A huge amount of money came in right when the performance of the fund was at a peak. I don’t know what to say about that. We don’t have any control over what investors do.
The conclusion is simple: It doesn’t matter how good your trading systems are if you can’t execute and trade them properly. The main obstacle for traders is their own mental biases.
We have given a list of the most common behavioral mistakes in a previous article:
How to overcome biases:
To diagnose the problem we first need to understand why we have biases. In medicine, you can take pills to relieve pain, but the pills only treat the symptoms – not the cause. In trading, you don’t have a pain killer. You have to go to the root of the problem and look at the cause (which should be more used in health and medicine as well). Once you understand how your behavior influences your trading, you can overcome or minimize them to increase your profits.
Is it possible to completely remove behavioral mistakes? Probably not. But you get a long way by addressing the issues so you can minimize the damage done by knee-jerk decisions.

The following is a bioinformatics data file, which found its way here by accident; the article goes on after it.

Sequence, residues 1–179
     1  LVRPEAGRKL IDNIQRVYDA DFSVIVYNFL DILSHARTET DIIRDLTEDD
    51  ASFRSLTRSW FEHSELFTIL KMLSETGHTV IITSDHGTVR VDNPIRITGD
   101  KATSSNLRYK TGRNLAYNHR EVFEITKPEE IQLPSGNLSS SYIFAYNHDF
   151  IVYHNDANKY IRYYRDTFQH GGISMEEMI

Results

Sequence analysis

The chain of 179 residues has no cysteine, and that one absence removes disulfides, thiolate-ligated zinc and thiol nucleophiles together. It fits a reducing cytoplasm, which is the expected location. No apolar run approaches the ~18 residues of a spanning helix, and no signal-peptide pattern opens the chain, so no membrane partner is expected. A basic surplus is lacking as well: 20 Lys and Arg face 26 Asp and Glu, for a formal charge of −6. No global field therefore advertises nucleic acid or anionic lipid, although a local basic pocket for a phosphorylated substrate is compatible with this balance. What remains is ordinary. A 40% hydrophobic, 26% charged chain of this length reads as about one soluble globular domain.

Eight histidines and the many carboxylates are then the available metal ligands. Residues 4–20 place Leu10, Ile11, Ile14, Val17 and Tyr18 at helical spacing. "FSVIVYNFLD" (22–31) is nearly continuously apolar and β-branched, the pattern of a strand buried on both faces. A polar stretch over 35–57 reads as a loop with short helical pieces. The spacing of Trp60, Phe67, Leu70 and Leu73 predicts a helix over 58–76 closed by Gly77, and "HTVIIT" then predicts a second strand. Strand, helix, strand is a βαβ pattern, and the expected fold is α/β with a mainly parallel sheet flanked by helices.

No detachment to money reduces behavioral biases
Almost all the behavioral mistakes come from detachment to money. Anyone can be successful trading a paper account. But the problem is that a paper or demo account never resembles real trading with real money. You have no skin in the game. To make it worse, most traders use leverage and this magnifies your detachment to money. With real money you are more likely to tweak or stop trading a strategy in the midst of drawdown, something you wouldn’t do in a demo account.
Trade smaller than you like
How do you execute a strategy properly? You do that by trading small. This is not contradictory. By trading small, you remove emotions. Trading small is an efficient way of reducing detachment to money! Moreover, by trading small you reduce the risk of ruin. If you trade big using leverage and get run over by a black swan, you might lose a huge portion of your account.
Trade small and make your are diversified in terms of asset classes, strategies, and time frames.
Quantified strategies – algorithmic trading